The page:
As housing costs climb and wages stagnate, more than half of Americans are struggling to afford a home. Local governments are also wrestling with a chronic housing shortage. With affordable housing becoming more and more difficult to find, many US cities appear to be entering a full-blown affordability crisis. Good, affordable housing is a problem around the world, not just in the US. However, other nations’ governments are finding solutions rooted in different philosophies of how societies should build, finance, distribute, and maintain housing.
Austrian policymakers take the approach that society should provide every citizen with decent and affordable housing. Federal spending and an expansive housing stock have allowed sixty percent of Vienna’s citizens to live in subsidized homes. These buildings include common areas to encourage neighbourly interaction and shared childcare facilities. City governments regulate rent with households spending an average of 21 percent of their monthly income on rent. By contrast the average American family spends 37 percent each month and nearly sixty percent in places like New York City.
Vienna’s model includes strategic measures that cultivate social cohesion. Land-use planning ensures that communities have a mix of residents from different social and demographic groups. In Singapore, the government built more than a million apartment units in order to create a homeowner society. In 1960, seventy percent of Singapore’s population consisted of squatters and slum dwellers. Now, more than eighty percent of its residents live in high-rise government-built apartments with many of them owing their homes.
Thanks to a “housing first” philosophy, Finland has become the only country in Europe to see a decline in homelessness, from 18,000 in the 1980s to 5,482 at the end of 2018. This philosophy provides unconditional access to housing with the belief that housing will fix many of the social and health problems among the homeless population.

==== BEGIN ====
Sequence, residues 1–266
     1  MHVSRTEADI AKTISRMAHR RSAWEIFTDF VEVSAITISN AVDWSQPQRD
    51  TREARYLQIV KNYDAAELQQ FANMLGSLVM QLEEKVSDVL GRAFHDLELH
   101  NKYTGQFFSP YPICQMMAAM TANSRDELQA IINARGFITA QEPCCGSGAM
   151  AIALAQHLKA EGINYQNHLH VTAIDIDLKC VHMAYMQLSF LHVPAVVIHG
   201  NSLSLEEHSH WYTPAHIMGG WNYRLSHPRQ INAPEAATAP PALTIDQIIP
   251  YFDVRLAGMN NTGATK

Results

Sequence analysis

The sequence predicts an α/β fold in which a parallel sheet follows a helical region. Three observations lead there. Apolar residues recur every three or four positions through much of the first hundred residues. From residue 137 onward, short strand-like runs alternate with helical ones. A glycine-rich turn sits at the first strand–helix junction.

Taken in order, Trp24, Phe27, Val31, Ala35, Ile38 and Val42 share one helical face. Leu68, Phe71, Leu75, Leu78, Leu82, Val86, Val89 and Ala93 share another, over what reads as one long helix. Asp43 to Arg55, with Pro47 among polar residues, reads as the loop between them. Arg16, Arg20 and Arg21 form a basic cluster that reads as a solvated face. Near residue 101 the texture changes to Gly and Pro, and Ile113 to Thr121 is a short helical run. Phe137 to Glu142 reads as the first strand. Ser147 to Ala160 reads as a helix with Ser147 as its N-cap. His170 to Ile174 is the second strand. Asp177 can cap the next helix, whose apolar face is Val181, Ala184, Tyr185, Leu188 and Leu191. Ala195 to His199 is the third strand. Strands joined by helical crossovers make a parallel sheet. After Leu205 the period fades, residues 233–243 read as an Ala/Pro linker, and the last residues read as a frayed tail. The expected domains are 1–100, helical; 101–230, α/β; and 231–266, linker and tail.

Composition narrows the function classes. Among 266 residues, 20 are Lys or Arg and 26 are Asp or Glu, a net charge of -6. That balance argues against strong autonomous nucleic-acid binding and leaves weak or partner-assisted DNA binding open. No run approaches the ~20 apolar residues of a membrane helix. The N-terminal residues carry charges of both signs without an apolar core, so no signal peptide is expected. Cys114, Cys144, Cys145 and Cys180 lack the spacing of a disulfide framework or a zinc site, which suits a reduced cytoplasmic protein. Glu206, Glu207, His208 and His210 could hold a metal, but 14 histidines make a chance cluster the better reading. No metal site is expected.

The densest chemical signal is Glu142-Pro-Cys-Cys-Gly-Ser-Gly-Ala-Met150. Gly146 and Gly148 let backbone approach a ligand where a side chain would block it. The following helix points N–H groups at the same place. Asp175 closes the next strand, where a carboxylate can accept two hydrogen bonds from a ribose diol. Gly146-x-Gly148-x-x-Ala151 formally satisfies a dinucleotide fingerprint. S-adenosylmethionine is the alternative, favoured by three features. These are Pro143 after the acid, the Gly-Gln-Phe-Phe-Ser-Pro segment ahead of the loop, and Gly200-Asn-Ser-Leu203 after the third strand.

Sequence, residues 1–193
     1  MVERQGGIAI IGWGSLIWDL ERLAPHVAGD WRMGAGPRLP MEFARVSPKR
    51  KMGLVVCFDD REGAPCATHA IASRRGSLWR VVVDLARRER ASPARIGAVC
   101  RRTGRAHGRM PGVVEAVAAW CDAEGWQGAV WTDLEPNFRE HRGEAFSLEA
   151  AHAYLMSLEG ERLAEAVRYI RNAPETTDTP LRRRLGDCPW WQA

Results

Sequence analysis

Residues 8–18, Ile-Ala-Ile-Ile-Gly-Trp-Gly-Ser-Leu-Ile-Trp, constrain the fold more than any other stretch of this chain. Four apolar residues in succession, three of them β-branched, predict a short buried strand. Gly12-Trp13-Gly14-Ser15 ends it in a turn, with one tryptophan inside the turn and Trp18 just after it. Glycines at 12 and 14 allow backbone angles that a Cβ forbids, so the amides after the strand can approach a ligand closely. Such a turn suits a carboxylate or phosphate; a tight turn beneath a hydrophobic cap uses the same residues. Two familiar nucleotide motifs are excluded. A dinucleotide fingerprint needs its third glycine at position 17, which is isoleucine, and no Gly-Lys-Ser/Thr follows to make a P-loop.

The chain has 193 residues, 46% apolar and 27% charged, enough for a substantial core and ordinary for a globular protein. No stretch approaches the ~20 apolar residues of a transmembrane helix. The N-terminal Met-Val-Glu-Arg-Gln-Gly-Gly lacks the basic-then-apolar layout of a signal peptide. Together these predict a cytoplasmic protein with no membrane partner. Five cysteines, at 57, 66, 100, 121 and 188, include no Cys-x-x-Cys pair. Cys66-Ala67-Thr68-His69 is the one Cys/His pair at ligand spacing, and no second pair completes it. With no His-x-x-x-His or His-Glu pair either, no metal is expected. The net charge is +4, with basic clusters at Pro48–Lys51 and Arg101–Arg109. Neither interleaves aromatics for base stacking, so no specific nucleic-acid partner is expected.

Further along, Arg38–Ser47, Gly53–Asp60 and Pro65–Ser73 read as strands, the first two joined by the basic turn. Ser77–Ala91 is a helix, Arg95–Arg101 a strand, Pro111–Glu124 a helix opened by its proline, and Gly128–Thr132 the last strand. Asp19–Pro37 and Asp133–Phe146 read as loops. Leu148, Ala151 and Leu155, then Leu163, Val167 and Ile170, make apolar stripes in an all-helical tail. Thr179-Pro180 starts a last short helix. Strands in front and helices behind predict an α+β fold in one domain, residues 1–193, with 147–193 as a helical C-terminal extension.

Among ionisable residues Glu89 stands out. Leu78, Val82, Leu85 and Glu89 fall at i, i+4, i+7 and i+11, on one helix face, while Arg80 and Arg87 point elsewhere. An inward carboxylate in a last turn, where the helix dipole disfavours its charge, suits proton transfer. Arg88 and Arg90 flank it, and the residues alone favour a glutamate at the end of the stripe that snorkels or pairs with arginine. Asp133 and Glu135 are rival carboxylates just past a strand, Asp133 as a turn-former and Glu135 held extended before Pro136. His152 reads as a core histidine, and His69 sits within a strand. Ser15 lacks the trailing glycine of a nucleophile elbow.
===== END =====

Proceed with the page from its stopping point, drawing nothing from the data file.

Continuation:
In the US, housing policy evolved in a different direction—with a focus of facilitating homeownership of single-family homes. Most cities reserve urban land for single-family homes and restrict multifamily housing, limiting development possibilities. In the San Francisco Bay Area, for example, 75 percent of all residential land is zoned for single family units.
Complex local land use policies in the US often favor high-income households. Residential zoning codes often set a minimum size for dwellings, restrict how many families can live in one home, cap the number of stories built, or require parking spaces for every unit. These policies make housing unnecessarily scarce and expensive.
What American cities can learn from other models of governance is that there needs to be a shift away from viewing housing as the responsibility of the private market, says Rodrigo Faria Gonçalves Iacovini, researcher at Brazil’s Polis Institute and part of the Global Platform for the Right to the City. “We need to start framing the idea of housing not as a commodity,” he says, “but as a right.”
Source: Ana Ionova, “How to Ease the US Housing Crisis? Import Strategic Policy from Abroad,” Shareable, November 2019, https://www.shareable.net/how-to-ease-the-us-housing-crisis-import-strategic-policy-from-abroad.
Student Researcher: Christopher Villegas (San Francisco State University)
Faculty Evaluator: Kenn Burrows (San Francisco State University)